California Governor Jerry Brown showed his unflinching support for unlimited drone operations by vetoing three bipartisan bills protecting privacy, public safety and education.
The California legislature had passed three bills, including Senate Bill 142, requiring drones to fly above 350 feet over private property; Senate Bill 170, prohibiting the flying of drones over a prison or county jail without permission; and Senate Bill 271, making it illegal to fly drones over K-12 schools during public schools hours.
Breitbart News reported in August 2014: “By next Christmas, aerial drones will be all the rage.” From basically ground zero in 2013, civilian drone sales are expected to top $1 billion this year and reach $4 billion a year by 2024, according to a report from Business Insider Intelligence.
But that viral success has caused real frustration and anger across a broad political spectrum. U.S. Senator Diane Feinstein (CA-D) introduced federal legislation to direct the FAA to set altitude restrictions on private drone flight areas after she saw a drone peeping into her front room window one day last year. Federal Aviation Administration currently limitations only restrict flying of drones by hobbyists to a maximum of 400 feet.
State Senator Hannah-Beth Jackson (D-Santa Barbara) said that her Senate Bill 142 legislation was designed to protect the public against the kind of peeping Toms that disturbed the privacy of Senator Feinstein. On her website, Jackson said that drones “should not be able to invade the privacy of our backyards and our private property without our permission.” The California bill passed on an overwhelmingly bipartisan 56-13 vote in the Assembly and 21-10 in the Senate, before heading to the governor’s desk.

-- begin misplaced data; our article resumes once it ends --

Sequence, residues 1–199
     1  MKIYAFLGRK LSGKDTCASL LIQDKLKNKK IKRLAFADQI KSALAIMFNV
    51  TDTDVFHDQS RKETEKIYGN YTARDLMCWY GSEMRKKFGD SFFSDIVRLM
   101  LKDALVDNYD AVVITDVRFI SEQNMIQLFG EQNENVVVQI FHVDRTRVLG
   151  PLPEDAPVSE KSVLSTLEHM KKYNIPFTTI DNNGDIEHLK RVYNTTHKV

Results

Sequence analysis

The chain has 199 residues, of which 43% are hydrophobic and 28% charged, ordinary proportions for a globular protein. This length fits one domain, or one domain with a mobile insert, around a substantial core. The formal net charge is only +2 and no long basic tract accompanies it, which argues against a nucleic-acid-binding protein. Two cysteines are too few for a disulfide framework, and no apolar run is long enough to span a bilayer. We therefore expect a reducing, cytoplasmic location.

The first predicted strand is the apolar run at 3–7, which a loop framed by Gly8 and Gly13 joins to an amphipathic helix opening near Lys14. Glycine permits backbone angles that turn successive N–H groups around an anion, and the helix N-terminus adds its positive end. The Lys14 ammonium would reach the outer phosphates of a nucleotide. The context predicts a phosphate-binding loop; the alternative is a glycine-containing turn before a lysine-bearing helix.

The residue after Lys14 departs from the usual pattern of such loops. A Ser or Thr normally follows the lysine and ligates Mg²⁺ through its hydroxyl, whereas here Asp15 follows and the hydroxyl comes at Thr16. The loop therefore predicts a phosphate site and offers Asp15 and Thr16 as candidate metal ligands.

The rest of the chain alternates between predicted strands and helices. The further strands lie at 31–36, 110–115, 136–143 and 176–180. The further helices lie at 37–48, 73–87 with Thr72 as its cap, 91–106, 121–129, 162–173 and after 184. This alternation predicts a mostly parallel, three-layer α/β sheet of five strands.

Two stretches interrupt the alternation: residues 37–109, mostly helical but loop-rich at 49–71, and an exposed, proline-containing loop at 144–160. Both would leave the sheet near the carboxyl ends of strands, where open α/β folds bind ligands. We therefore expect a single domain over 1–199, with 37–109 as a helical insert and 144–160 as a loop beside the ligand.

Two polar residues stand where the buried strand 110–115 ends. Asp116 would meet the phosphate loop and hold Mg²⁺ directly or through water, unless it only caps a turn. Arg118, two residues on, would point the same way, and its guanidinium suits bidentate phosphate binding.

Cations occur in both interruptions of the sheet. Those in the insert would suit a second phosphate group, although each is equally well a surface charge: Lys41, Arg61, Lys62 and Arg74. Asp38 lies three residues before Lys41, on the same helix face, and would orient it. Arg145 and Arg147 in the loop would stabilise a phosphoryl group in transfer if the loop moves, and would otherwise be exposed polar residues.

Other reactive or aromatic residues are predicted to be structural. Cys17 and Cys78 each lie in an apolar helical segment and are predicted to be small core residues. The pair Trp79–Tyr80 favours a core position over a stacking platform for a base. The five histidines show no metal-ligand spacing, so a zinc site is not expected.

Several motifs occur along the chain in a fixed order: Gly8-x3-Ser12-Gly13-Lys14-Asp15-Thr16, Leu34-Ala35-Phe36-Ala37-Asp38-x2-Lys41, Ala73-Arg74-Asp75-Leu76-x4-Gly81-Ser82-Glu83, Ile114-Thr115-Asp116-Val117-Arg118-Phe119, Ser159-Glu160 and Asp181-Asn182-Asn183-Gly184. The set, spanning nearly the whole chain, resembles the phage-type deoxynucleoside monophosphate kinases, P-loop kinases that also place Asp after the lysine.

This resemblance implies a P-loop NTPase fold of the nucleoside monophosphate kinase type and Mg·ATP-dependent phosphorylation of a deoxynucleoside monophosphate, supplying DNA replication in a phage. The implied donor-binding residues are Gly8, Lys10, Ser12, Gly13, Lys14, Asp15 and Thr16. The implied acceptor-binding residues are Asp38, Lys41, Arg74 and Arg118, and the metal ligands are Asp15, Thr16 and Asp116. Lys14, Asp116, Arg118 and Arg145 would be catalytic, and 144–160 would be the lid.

State Senator Patricia Bates (R- Laguna Niguel), co-sponsor of Senate Bill 170, said: “Drones offer many fantastic uses for society, but dropping porn, drugs and guns into our prisons and jails is not one of them.” Her bill would prohibit the flying of drones over a prison or county jail without permission, with certain exemptions for jail and prison employees, following reports that drones have been dropping drop tobacco, drugs and other contraband into prisons.
Rock-solid support from public safety organizations, including the California Police Chiefs Association and the California Correctional Peace Officers Association, explains why SB 170 unanimously passed the Senate 39-0.
Senate Bill 271, which would make it illegal to fly drones at certain heights over kindergarten through grade 12 public schools during school hours or extracurricular activities without permission, passed every committee and both the full Assembly and Senate on a unanimous vote.
Governor Brown said in his veto message that while drone technology raises a number of valid issues, signing the bills “could expose the occasional hobbyist and the FAA-approved commercial user alike to burdensome litigation.” Brown made no specific comments regarding the veto of each bill.
The Democrat-controlled legislature appears to have the votes to overturn Brown’s veto easily, but such action would be the first since Jerry Brown’s first stint as Governor in the 1970s.